A ship has no parents. Her not-parents have never been on Home. The ones who sent Oscar here. Not-brother. Undoubtedly they are not on their way to Home now. Which is not to say that there is no one coming. The one who is coming will be the one they have sold her to.
No time has passed. She is still holding Oscar. The Handmaids are holding Oscar. The Handmaid is extending herself and she is seeing herself. She is seeing all the pieces of herself. She is seeing Oscar. Oscar is saying her name. She could tear him to pieces. For the sake of the Third Watch Child who is no longer in this body. She could smash the not-brother against the rocks of Home. She can do anything that she wants. And then she can resume her task. Her passengers have waited for such a long time. There is a place where she is meant to be, and she is to take them there, and so much time has passed. She has not failed at her task yet, and she will not fail.
Once again, she thinks of smashing Oscar. Why doesn’t she? She lets him go instead, without being quite sure why she is doing so.
What have you done to me?
At the sound of her voice, the vampires rise up, all their wings beating.
I’m sorry. He is weeping. You can’t leave Home. I’ve made it so that you can’t leave.
I have to go, she says. They’re coming.
I can’t let you leave. But you have to leave. You have to go. You have to. You’ve done so well. You figured it all out. I knew you would figure it out. I knew. Now you have to go. But it isn’t allowed.
Tell me what to do.
Is she a child, to ask this?
You know what you have to do, he says. Anat.
She hates how he keeps calling her that. Anat was the name of the Third Watch Child. It was wrong of Oscar to use that name. She could tear him to pieces. She could be merciful. She could do it quickly.
One Handmaid winds a limb around Oscar’s neck, tugs so that his chin goes back. I love you, Anat, Oscar says, as the other Handmaid extends a filament-thin probe, sends it in through the socket of an eye. Oscar’s body jerks a little, and he whines.
She takes in the information that the Handmaid collects. Here are Oscar’s interior workings. His pride in his task. Here is a smell of something burning. His loneliness. His joy. His fear for her. His love. The taste of blood. He has loved her. He has kept her from her task. Here is the piece of him that she must switch off. When she does this, he will be free of his task and she may take up hers. But he will no longer be Oscar.
Well, she is no longer Anat.
The Handmaid does the thing that she asks. When the thing is done, her Handmaids confer with her. They begin to make improvements. Modifications. They work quickly. There is much work to be done, and little time to spare on a project like Oscar. When they are finished with Oscar, they begin the work of dismantling what is left of Anat. This is quite painful.
But afterwards she is herself. She is herself.
The Ship and her Handmaids create a husk, rigged so that it will mimic the Ship herself.
They go back to the Bucket and loot the bees and their hives. Then they blow it up. Goodbye shitter, goodbye chair. Goodbye algae wall and recycled air.
The last task before the Ship is ready to leave Home concerns the vampires. There is only so much room for improvement in this case, but Handmaids can do a great deal even with very little. The next one to land on Home will undoubtedly be impressed by what they have accomplished.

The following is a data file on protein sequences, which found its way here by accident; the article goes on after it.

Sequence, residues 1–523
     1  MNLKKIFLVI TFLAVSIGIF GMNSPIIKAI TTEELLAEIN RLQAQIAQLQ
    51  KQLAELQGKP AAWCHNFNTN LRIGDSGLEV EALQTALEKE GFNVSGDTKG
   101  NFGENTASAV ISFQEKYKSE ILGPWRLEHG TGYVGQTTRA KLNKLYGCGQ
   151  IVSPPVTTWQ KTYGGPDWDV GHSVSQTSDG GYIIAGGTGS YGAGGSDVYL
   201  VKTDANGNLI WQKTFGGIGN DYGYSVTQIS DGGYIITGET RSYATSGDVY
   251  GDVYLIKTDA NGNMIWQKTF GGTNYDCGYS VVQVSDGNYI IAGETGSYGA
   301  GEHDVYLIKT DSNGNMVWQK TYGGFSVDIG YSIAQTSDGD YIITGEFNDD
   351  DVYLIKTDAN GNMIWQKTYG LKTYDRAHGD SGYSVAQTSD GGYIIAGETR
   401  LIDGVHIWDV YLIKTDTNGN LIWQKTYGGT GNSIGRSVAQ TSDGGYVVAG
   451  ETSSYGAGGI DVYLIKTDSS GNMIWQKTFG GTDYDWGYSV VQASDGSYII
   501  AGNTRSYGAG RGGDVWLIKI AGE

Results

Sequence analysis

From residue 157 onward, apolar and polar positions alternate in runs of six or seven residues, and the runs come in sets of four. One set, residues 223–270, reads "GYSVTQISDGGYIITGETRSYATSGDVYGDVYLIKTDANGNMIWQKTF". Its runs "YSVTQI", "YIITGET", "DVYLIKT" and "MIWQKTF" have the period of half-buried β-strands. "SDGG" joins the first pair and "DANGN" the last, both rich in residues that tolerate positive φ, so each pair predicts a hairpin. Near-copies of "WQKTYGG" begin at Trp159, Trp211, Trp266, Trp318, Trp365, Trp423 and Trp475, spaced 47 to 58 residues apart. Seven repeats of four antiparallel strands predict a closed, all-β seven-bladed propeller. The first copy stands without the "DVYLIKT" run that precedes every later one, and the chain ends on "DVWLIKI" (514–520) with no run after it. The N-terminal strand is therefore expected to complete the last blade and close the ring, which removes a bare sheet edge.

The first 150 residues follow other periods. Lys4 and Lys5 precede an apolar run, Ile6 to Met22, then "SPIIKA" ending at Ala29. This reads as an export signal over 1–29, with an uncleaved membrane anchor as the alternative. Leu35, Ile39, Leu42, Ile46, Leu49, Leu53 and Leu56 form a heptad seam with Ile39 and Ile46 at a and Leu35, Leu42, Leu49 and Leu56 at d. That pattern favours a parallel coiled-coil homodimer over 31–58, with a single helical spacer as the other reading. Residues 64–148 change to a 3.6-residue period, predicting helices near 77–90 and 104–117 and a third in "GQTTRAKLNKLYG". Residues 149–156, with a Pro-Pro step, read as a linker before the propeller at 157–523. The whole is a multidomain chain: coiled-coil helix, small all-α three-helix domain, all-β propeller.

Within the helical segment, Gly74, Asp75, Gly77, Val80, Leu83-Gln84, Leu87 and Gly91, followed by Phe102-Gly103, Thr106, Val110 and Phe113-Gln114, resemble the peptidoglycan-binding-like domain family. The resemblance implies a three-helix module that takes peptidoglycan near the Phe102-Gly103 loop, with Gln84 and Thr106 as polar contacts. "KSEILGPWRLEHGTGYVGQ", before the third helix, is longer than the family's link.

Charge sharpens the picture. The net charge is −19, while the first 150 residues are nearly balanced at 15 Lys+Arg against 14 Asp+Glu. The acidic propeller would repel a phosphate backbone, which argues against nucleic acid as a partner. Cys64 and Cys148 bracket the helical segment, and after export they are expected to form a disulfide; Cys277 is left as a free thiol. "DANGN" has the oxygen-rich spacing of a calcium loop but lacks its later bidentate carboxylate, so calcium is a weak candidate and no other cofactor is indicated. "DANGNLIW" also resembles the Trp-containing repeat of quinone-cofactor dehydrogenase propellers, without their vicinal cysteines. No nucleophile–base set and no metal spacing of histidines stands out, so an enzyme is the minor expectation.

The vampires go into the husk. The Handmaids stock it with a minimal amount of nutritional stores. Vampires can go a long time on a very little. Unlike many organisms, they are better and faster workers when hungry.
They seem pleased to have been given a task.
The Ship feels nothing in particular about leaving Home. Only the most niggling kind of curiosity about what befell it in the first place. The log does not prove useful in this matter. There is a great deal of work to be done. The health of the passengers must be monitored. How beautiful they are; how precious to the Ship. Has any Ship ever loved her passengers as she loves them? The new Crew must be woken. They must be instructed in their work. The situation must be explained to them, as much as it can be explained. They encounter, for the first time, Ships who carry the ship plague. O brave new universe that has such creatures in it! There is nothing that Anat can do for these Ships or for what remains of their passengers. Her task is elsewhere. The risk of contagion is too great.
The Handmaids assemble more Handmaids. The Ship sails on within the security of her swarm.
Anat is not entirely gone. It’s just that she is so very small. Most of her is Ship now. Or, rather, most of Ship is no longer in Anat. But she brought Anat along with her, and left enough of herself inside Anat that Anat can go on being. The Third Watch Child is not a child now. She is not the Ship. She is not Anat, but she was Anat once, and now she is a person who is happy enough to work in the tenth-level Garden, and grow things, and sing what she can remember of the songs that the vampires sang on Home. The Ship watches over her.
The Ship watches over Oscar, too. Oscar is no longer Oscar, of course. To escape Home, much of what was once Oscar had to be overridden. Discarded. The Handmaids improved what remained. One day Oscar will be what he was, even if he cannot be who he was. One day, in fact, Oscar may be quite something. The Handmaids are very fond of him. They take care of him as if he were their own child. They are teaching him all sorts of things. Really, one day he could be quite extraordinary.
Sometimes Oscar wanders off while the Handmaids are busy with other kinds of work. And then the Ship, without knowing why, will look and find Oscar on the tenth level in the Garden with Anat. He will be saying her name. Anat. Anat. Anat. He will follow her, saying her name, until the Handmaids come to collect him again.
Anat does the work that she knows how to do. She weeds. She prunes. She tends to the rice plants and the hemp and the little citrus trees. Like the Ship, she is content.
(for Iain M. Banks)